Exam & Testing Information
WHAT IS THE DIFFERENCE BETWEEN A VISION SCREENING AND A COMPREHENSIVE EYE EXAMINATION?
A vision screening is a relatively short examination that can indicate the presence of a vision problem or a potential vision problem. A vision screening cannot diagnose exactly what is wrong with your eyes; instead, it can indicate that you should make an appointment with an ophthalmologist or optometrist for a more comprehensive dilated eye examination.
For glaucoma, a comprehensive dilated eye exam is the most effective detection method.
Comprehensive Eye Examination
A comprehensive eye examination includes more than just a vision test. It is a complete and thorough examination of eye function and health. Whether you have the need for corrective lenses or not, eye examinations should be part of your preventative healthcare program. Especially because many eye complications come without obvious signs or symptoms. Without a comprehensive examination, potentially dangerous conditions may go undiagnosed for years--turning a minor health problem into a major issue.
A comprehensive dilated eye examination generally lasts between 30 and 60 minutes, and can be compared to seeing your general physician for a checkup. You may not be exhibiting any concerning symptoms, but our doctors will be able to ask the right questions and perform the appropriate tests to rule out any problems. Similarly, our doctors will ask additional questions and perform general examinations to rule out any vision or eye-related health complications.
There are several parts to the exam:
Health, Medication and Vision History
- Your overall health and that of your immediate family
- The medications you are taking (both prescription and over-the-counter)
- Questions about high blood pressure (hypertension), diabetes, smoking, and sun exposure.
- It is important that your blood sugar be consistently controlled for several days when you see your eye doctor for a routine exam. If your blood sugar is uneven, causing a change in your eye's focusing power, it will interfere with the measurements your doctor needs to make when prescribing new eyeglasses. Glasses that work well when your blood sugar is out of control will not work well when your blood sugar level is stable.
- This uses an eye chart to measure how well you can distinguish object details and shape at various distances. Perfect visual acuity is 20/20 or better. Legal blindness is defined as worse than or equal to 20/200 in both eyes.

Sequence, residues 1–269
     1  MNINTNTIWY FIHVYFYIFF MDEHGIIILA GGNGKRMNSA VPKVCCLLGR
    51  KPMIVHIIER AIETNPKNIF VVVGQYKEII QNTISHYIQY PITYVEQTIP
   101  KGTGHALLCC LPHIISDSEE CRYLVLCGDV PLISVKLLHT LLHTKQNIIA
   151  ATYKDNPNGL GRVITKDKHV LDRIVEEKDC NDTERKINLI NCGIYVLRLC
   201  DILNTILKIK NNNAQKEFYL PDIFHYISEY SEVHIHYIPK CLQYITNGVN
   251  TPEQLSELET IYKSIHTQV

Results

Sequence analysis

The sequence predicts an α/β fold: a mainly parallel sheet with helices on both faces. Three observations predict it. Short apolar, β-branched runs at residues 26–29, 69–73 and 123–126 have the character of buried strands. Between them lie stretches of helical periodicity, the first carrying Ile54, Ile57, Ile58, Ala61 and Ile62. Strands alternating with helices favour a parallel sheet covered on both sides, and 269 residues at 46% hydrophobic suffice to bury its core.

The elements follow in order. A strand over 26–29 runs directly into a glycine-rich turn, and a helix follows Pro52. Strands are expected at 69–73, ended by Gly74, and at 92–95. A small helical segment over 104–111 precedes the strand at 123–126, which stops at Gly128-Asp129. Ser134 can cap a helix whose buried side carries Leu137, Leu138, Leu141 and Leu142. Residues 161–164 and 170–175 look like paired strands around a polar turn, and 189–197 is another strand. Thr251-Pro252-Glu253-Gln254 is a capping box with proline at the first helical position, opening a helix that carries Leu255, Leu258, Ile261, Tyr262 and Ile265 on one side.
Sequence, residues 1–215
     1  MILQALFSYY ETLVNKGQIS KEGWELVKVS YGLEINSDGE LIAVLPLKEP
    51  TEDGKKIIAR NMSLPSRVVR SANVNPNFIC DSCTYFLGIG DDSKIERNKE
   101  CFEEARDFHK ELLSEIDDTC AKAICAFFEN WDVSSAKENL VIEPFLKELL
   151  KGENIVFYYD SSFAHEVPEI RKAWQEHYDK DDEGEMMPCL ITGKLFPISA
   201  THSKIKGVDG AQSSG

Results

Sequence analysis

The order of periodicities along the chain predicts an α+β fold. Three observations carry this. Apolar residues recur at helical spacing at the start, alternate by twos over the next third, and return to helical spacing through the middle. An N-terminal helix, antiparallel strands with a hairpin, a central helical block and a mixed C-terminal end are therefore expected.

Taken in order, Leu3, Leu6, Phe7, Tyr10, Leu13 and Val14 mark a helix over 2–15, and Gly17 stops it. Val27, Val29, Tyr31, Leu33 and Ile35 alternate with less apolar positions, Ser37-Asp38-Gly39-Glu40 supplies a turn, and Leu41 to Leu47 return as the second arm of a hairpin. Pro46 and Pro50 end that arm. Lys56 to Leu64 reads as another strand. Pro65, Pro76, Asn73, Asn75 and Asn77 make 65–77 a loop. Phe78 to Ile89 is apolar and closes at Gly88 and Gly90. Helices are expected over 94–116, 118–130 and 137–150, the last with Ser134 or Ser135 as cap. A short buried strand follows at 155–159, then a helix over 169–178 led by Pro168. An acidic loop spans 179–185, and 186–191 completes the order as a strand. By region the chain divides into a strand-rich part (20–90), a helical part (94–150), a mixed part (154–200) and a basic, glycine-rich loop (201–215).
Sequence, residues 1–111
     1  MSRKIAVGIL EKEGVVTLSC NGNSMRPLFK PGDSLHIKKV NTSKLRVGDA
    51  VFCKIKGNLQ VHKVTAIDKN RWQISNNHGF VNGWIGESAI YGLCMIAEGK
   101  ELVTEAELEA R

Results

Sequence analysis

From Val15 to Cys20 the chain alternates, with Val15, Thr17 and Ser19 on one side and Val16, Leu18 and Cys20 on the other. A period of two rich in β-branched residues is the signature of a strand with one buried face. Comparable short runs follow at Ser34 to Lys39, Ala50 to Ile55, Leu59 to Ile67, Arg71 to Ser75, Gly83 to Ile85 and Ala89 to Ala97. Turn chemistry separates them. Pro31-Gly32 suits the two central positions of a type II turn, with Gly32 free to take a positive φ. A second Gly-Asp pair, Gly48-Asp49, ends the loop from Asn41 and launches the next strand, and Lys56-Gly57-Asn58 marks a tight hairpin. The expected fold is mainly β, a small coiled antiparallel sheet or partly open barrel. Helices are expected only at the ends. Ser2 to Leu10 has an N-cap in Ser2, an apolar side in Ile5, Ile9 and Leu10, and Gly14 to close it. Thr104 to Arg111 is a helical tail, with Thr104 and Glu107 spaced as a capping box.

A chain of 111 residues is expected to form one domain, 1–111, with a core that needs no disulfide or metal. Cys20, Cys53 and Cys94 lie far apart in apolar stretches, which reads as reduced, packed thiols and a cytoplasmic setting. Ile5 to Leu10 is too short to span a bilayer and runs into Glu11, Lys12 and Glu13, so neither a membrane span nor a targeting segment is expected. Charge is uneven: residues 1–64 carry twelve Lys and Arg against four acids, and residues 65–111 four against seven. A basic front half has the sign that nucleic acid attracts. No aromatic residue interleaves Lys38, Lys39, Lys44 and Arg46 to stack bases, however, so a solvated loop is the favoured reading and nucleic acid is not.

- A slit-lamp is type of microscope is used to examine the front part of the eye, including the eyelids, conjunctiva, sclera, cornea, iris, anterior chamber, lens, and also parts of the retina and optic nerve.
- Drops are placed in your eyes to widen, or dilate, the pupil, enabling your doctor to thoroughly examine more of the retina and optic nerve for signs of damage.
Why Are Routine Eye Exams Recommended?
The health of your eyes says a lot about your overall health. In fact, our doctors can diagnose a number of general health problems through a comprehensive eye exam, including:
- Brain tumors
- Cardiac disease
- High blood pressure
- Multiple sclerosis
- Sickle Cell anemia
Although our eye doctors may not treat the above disorders, identifying symptoms during an eye exam can lead to earlier detection and successful treatment. When your comprehensive eye exam is complete, our doctors will refer you to a specialist, provide medical resources or fit you for corrective lenses as appropriate.
How Often Should My Eyes Be Examined?
The answer varies depending on your age, family history, medical history and various other factors.
An ophthalmologist is a medical doctor (M.D) or doctor of osteopathic medicine (D.O.) who is specially trained to provide comprehensive eye care from prescribing glasses and contact lenses to performing eye surgery. An optometrist (O.D.) diagnoses and treats vision problems, eye diseases, injuries or abnormalities, and can also prescribe glasses and contact lenses as well as medications to treat eye disorders. The American Academy of Ophthalmology (AAO) recommends that individuals with no known vision problems or risk factors follow this eye exam schedule:
- Adults 20 to 39
Adults should have a complete exam by an ophthalmologist at least once between the ages of 20 and 29 and twice between the ages of 30 and 39.
- Age 40 to 64
A comprehensive eye exam with an ophthalmologist should be scheduled every two to four years.
- Age 65 and Older
Seniors need to have their eyes examined every one to two years. During this period, eye conditions such as cataracts, glaucoma and age-related macular degeneration increase with frequency, and early diagnosis can be crucial.
Exceptions to the AAO Guidelines
There are individuals who may be at greater risk for eye problems and who need to see an ophthalmologist more often than recommended. Risk factors include:
- a family history of eye problems
- being an African American over the age of 40 (increased risk for glaucoma)
- diabetes (requires an annual exam regardless of age)
- history of eye injury that required medical or surgical care
There are also symptoms that could indicate a problem with the eyes. These include:
- visual changes or pain
- flashes of light
- seeing spots
- ghosting of images
- dark spots in vision
- lines and straight edges appear distorted or wavy
- dry eyes with burning and itching
If you experience any of these symptoms, or if it is time for an appointment, please call us at (321) 722-4443 to schedule today.